5. huwevans

    huwevans Not Really Here

    The poll doesn't mention Olympus - it's about the 4/3 system, which of course encompasses more than just Olympus cameras. It seems like a legitimate question to me, since it was always intended to be a completely different approach from the norm (or at least that's how it was marketed). Pentax and Sony are in the same camp as Nikon and Canon in that sense.
  6. TheFatControlleR

    TheFatControlleR :Devil's Advocaat: Forum Admin

    This'll be good... :rolleyes:
  7. GeoffR

    GeoffR Well-Known Member

    I think it is a very valid question.

    The reason I don't think 4/3 will rival Nikon and Canon is based on a number of factors.

    We know that larger pixels are reckoned to be better pixels and the 4/3 concept of using a smaller sensor rather limits the size of its pixels for even a modest 6MP sensor.

    Anyone buying a 4/3 system camera must be either a new SLR user with no legacy lenses or a convert. Converting from one camera system to another is expensive and not something to be done for "fun". New SLR users tend to but low end bodies, or as we saw with the remaining E1 bodies, they buy cheap.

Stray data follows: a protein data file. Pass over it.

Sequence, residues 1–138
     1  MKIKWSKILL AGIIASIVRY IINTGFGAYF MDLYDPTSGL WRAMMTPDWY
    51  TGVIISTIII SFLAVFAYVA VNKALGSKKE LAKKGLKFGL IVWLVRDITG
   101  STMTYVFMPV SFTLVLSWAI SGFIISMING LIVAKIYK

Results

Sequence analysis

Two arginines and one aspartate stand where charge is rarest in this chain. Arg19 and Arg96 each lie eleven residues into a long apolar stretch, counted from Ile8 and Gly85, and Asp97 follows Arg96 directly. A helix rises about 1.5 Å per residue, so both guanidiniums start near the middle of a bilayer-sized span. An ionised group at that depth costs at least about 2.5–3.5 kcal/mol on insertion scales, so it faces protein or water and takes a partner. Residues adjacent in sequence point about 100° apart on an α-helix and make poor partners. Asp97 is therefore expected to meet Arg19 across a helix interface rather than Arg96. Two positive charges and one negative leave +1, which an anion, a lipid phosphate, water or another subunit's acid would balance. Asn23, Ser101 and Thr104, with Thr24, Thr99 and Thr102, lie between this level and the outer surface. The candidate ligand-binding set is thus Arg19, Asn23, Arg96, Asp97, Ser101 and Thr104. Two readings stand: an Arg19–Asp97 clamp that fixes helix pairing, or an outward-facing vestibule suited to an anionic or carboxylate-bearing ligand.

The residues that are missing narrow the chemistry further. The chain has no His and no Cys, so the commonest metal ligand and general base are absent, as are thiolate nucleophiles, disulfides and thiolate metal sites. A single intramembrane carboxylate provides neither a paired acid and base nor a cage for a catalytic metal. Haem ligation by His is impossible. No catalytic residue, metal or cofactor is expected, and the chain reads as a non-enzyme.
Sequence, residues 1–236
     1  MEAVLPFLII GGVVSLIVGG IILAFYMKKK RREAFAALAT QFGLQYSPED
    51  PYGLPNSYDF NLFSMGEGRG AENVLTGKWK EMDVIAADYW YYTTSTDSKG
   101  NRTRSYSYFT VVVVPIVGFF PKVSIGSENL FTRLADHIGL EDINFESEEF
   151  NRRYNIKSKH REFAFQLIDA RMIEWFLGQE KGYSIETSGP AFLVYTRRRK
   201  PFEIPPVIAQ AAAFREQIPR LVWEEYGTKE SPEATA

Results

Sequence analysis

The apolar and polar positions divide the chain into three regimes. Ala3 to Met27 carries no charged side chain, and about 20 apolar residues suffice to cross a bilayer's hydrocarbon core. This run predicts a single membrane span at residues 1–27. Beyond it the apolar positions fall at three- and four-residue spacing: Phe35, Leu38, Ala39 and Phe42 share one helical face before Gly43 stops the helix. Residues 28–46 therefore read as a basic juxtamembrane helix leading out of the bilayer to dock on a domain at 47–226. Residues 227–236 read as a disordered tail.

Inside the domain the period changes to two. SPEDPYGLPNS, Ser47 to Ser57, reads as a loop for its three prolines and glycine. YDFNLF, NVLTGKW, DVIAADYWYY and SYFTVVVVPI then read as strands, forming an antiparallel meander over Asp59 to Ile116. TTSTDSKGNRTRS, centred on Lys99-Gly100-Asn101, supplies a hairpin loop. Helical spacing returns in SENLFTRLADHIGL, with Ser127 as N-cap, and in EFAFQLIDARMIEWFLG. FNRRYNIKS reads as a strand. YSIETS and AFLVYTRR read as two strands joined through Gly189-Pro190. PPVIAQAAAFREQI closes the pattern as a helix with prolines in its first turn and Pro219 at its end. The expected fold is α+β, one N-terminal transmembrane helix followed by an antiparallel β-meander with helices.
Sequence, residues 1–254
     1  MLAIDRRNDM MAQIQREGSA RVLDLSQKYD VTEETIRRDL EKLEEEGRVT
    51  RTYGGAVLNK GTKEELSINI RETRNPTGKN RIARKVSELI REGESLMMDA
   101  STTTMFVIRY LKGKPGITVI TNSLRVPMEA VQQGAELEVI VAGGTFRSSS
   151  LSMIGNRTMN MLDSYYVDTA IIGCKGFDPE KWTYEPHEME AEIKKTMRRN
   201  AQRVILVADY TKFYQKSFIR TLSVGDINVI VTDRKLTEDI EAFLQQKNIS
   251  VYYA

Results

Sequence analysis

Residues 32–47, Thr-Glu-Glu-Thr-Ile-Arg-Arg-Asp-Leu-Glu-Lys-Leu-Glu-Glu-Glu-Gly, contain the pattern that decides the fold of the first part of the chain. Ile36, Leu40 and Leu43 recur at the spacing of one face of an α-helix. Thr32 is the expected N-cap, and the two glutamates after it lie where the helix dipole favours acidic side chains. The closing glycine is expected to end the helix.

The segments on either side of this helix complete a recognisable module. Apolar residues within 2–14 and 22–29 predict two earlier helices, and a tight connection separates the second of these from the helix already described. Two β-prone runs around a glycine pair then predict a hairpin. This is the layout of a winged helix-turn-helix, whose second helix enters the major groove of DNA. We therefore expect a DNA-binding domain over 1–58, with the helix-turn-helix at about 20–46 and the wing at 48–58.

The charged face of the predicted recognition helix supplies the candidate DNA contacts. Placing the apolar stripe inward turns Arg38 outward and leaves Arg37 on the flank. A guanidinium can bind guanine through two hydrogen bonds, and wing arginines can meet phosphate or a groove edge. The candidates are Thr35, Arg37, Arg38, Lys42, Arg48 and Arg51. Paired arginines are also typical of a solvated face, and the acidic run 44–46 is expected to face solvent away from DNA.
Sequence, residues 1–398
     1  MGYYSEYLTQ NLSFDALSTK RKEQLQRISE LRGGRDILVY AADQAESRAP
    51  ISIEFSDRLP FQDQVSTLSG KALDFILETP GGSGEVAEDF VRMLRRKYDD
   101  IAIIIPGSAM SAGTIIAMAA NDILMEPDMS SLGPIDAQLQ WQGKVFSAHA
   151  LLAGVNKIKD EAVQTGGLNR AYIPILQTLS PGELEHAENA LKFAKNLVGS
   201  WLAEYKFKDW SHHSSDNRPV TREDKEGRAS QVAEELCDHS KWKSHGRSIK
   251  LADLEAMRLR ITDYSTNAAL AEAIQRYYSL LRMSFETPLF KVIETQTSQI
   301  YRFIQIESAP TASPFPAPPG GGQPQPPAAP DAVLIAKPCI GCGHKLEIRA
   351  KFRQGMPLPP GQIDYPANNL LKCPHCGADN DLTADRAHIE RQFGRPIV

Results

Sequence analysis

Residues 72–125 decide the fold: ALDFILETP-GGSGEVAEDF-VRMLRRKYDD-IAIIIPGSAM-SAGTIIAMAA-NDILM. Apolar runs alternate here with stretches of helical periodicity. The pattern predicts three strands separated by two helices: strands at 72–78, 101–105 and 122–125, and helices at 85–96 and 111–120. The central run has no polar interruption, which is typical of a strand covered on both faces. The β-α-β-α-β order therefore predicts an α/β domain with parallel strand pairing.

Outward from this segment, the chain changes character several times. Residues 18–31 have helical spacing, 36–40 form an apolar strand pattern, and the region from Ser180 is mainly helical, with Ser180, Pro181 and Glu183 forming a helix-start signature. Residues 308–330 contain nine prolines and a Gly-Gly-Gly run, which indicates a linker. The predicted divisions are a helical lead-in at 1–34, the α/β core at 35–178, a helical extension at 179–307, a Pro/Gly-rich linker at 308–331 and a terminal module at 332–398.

To rival Nikon and Canon the 4/3 system needs high end kit with all the qualities of the D2x and EOS1D. Of the 4/3 partners only Olympus are in that class and they are still sitting on their new pro body. Leica are capable but they don't seem to be interested in this particular market. So there is nothing to attract high end users to convert from Nikon or Canon.

    This is not to say that the 4/3 system can't deliver image quality or good lenses. I also suspect that there are others who, like me, remember Olympus in the late 80s and early 90s when support for the OM system seemed to evaporate. I wouldn't want to invest in E system cameras to find that the support dried up. Without Olympus there wouldn't be much left of the 4/3 system.
  8. Monobod

    Monobod Phantom of the forum